September 3, 1856 – April 14, 1924; between these dates is locked the remarkable life of Louis Henry Sullivan. Why remarkable? Because, had it not been for his revolutionary for his time innovations in the sphere of high-rise building, we would never have had such pearls of modern architecture as Burj Al Arab Jumeirah in Dubai, and the magnificent Marina Bay Sands in Singapore.
Louis Sullivan Facts
1. Louis Sullivan was a true genius of architecture
Born and bred in Boston, Sullivan graduated from high school a year before his classmates. Then, having entered the Massachusetts Institute of Technology at the age of sixteen, he passed the exams from the curriculum for the first and second year in the course of just one semester.
After one more year at MIT, Louis Sullivan decided that he needed more hands-on experience and went to work under Frank Furness, a prominent architect in Philadelphia. In 1873, the state was hit by a severe depression. Sullivan decided to move to Chicago, where high-rise buildings were mushrooming following the Great Fire of 1871.
In the Windy City, Louis Sullivan worked under the great William LeBaron Jenney, the architect who designed Chicago’s first-ever building supported by a steel frame. Having spent less than a year in Chicago, Sullivan moved to Paris to study architecture and building design at the famous École des Beaux-Arts. Typically for him, he left the institution after just twelve months.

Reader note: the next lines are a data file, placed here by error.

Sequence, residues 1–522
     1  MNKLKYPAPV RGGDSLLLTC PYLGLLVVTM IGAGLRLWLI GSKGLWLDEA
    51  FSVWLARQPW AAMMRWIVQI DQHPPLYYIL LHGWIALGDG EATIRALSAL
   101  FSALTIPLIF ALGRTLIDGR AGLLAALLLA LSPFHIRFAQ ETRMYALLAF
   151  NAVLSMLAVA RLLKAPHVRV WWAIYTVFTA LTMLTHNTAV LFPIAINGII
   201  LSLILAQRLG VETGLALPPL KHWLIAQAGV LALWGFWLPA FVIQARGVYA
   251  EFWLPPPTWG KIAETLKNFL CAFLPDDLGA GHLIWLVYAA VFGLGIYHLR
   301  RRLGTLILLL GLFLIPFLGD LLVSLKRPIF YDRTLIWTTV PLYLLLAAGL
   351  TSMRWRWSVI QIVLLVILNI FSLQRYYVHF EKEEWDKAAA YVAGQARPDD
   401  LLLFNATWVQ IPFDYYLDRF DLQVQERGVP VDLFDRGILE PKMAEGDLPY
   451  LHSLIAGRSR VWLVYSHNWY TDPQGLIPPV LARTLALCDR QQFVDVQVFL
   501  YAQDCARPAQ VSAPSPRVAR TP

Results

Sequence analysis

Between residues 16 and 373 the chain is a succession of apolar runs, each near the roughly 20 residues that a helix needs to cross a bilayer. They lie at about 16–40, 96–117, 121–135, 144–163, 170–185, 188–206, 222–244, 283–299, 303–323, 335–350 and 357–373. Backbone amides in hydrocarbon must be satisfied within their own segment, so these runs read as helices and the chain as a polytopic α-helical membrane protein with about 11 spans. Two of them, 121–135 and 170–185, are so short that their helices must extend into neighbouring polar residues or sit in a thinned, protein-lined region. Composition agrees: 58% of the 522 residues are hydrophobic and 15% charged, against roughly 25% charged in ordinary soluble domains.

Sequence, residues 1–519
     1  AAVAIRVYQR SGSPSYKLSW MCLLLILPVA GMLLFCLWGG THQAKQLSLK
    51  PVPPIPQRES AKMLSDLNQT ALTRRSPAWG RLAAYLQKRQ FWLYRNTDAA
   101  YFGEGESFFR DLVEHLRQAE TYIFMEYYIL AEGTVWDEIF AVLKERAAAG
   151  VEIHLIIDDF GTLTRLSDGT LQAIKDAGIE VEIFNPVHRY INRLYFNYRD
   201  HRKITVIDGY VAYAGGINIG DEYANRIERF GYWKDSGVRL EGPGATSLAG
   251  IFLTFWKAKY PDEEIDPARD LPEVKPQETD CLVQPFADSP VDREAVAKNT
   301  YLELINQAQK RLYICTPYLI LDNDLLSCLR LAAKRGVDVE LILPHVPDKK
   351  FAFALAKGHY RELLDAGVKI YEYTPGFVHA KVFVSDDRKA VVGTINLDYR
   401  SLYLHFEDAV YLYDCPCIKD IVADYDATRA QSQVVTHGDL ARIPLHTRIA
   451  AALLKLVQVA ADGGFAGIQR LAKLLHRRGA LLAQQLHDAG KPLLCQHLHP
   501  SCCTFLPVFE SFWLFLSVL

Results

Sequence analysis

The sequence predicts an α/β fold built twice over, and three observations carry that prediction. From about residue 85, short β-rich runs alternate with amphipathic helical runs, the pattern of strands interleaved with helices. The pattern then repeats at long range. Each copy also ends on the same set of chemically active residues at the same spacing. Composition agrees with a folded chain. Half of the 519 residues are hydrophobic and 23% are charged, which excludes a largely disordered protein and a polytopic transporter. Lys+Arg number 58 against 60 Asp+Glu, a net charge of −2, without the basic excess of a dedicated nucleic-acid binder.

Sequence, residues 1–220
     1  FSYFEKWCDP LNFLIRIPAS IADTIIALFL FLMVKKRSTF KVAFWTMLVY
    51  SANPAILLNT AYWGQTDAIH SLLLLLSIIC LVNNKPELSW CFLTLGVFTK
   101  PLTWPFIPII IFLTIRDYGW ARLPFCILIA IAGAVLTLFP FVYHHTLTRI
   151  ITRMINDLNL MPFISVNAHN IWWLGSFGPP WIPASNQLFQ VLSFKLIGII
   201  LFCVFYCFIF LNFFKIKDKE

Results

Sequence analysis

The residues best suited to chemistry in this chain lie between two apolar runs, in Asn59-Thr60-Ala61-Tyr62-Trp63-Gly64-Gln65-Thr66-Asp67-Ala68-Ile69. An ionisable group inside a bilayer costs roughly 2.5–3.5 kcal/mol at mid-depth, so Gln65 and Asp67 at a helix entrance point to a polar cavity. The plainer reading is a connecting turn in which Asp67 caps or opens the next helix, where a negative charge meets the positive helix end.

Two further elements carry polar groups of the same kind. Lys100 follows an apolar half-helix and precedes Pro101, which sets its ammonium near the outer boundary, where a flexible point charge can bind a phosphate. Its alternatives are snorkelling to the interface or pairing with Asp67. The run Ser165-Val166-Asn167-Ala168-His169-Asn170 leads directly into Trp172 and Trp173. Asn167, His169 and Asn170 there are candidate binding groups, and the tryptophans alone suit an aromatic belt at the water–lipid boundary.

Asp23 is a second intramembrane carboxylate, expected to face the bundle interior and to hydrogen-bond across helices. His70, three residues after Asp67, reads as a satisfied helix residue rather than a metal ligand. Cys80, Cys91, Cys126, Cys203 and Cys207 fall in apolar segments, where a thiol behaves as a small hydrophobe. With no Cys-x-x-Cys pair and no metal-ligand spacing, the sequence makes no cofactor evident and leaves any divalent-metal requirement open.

2. He is of mixed Swiss-Irish origin
Louis Sullivan was the son of a Swiss mother, Andrienne List, and an Irish father, Patrick Sullivan. From his mother, the great architect probably inherited his meticulous precision and his great attention to the detail, an interesting Louis Sullivan fact. From his father, Sullivan inherited his industriousness and his strong will to succeed in all of his projects. We can say that in Sullivan, the best personal qualities of the Irish and the Swiss make themselves present.
3. Steel was the secret to Louis Sullivan’s success in architecture
The beginning of the twentieth century was a period of rapid economic and industrial development in the United States. The development of steel production made for great changes in architectural design. Building designers and architects started developing lightweight steel skeletons of their structures, which allowed them to safely reach heights that had been unthinkable just fifty years before.
By assembling a flexible and strong framework of steel girders, they created tall and slender buildings, whose floors, ceilings, walls, and windows were suspended from the steel frame, which carried the structure’s weight.
An interesting fact about Louis Sullivan is that T=the first skyscrapers designed by him were not just tall. They also had bigger windows that let more light into the premises. The Interior walls were no longer made of bricks. Drywall panels were used instead. This new technique, also pioneered by Sullivan, created more rentable floor space.
4. Louis Sullivan had a fifteen-year partnership with Dankmar Adler
Dankmar Adler was a renowned American architect of German descent and civil engineer. During his fifteen-year partnership with Louis Sullivan, the two designed skyscrapers that were solid, useful, and beautiful. These include the Wainwright Building in St. Louis, Missouri, the imposing Chicago Stock Exchange Building, and the massive Guaranty Building in Buffalo, New York.